By Penelope Wang
February 3, 2017
Chad Griffith

The White House said this week that President Donald Trump will indefinitely suspend the rollout of an important rule designed to protect retirement savers. The so-called fiduciary rule, which was scheduled to go into effect in April, would have required financial advisers working with retirement accounts to put the interests of their clients ahead of their own—a change that MONEY editors have strongly endorsed. Many advisers who charge fees, not commissions, are already subject to such a rule. But brokers are currently allowed to follow a less-stringent “suitability” standard, which lets them recommend options that cost you more—and pay them more—even if a cheaper or more appropriate choice is available. If you are working with an adviser, or are planning to do so, make sure he or she follows a fiduciary standard—and be sure to do a background check. Whatever happens to the fiduciary rule, you still need to be your own watchdog.

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Nearly two out of three Americans feel pretty confident about their ability to retire comfortably, according to a recent survey. That reflects a certain amount of cognitive dissonance, given the relatively low savings balance they report. Time for a reality check. Contributor Walter Updegrave highlights five key indicators that you’re probably heading for trouble—better take a look now, not later. MONEY

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Trump Wants to Kill the Fiduciary Rule. Here’s Why That’s a Big Deal

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When Is It Okay to Borrow From Your Retirement Savings?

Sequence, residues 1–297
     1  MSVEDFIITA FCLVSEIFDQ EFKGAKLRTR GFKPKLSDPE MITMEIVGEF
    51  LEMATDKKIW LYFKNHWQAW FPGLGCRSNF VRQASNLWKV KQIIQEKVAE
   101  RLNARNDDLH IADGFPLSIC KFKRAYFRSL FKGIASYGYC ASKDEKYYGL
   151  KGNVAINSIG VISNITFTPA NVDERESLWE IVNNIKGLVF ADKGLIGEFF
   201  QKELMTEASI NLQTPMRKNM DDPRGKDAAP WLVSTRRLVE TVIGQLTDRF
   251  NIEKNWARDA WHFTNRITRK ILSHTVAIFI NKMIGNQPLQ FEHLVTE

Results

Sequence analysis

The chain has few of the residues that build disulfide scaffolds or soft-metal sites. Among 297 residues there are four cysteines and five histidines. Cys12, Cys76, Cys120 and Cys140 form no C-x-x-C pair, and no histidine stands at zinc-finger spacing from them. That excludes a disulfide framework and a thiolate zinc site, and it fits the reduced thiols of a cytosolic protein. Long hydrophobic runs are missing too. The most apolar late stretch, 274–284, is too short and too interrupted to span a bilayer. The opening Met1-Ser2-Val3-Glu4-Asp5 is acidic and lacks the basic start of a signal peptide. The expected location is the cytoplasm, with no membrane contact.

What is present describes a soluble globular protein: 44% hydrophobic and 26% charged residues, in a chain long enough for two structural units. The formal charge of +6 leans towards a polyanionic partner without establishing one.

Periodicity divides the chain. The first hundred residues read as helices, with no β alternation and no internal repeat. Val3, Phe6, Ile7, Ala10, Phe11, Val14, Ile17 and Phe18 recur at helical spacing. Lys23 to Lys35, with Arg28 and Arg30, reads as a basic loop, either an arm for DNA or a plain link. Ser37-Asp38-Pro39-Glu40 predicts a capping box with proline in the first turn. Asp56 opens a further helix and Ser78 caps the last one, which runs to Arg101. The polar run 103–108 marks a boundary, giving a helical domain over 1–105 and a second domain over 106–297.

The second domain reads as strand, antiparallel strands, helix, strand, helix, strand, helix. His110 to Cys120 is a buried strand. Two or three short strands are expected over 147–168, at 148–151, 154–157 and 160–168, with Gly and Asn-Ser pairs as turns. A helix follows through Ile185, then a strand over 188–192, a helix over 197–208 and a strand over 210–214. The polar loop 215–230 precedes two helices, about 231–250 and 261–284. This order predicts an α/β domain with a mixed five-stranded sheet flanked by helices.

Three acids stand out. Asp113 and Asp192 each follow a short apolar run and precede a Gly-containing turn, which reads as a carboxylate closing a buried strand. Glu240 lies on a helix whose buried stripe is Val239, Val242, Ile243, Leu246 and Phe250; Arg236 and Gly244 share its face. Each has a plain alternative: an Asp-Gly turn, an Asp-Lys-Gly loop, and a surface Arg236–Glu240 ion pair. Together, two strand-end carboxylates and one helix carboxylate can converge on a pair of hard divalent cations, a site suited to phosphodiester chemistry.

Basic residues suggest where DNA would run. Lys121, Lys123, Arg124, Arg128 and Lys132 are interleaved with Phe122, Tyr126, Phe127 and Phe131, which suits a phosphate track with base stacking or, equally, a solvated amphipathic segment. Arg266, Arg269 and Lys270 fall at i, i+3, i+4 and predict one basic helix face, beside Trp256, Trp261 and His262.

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Why Retirement Savers Are in Better Shape Than Ever

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How to Give Yourself a Mid-Life Insurance Audit

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An End to Obamacare Could Raise Costs for Boomers and Seniors

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One Millennial Habit That All Retirees Should Adopt

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A Housing Crisis for Seniors

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Are We Too Young to Take Money from Our 401(k)?

Q: We have a 401(k) retirement account and would like to begin withdrawing money so that our RMDs are smaller at age 70½. My wife is 61 and I am only 58 years old. What are the rules for withdrawals when one spouse is not yet 59½ years old?

A: As you note, tax law generally requires that retirement savers begin withdrawing money from their traditional 401(k) accounts and IRAs at age 70 1/2. These required minimum distributions (RMDs), which are taxable, are Uncle Sam’s way of finally getting his hands on money that has grown tax-deferred throughout your working life. Meanwhile, funds withdrawn before age 59 1/2 are generally subject to a 10% penalty, unless you qualify for one of a limited number of exceptions. READ MORE


“Not everything that is faced can be changed, but nothing can be changed until it is faced.”

–Writer James Baldwin


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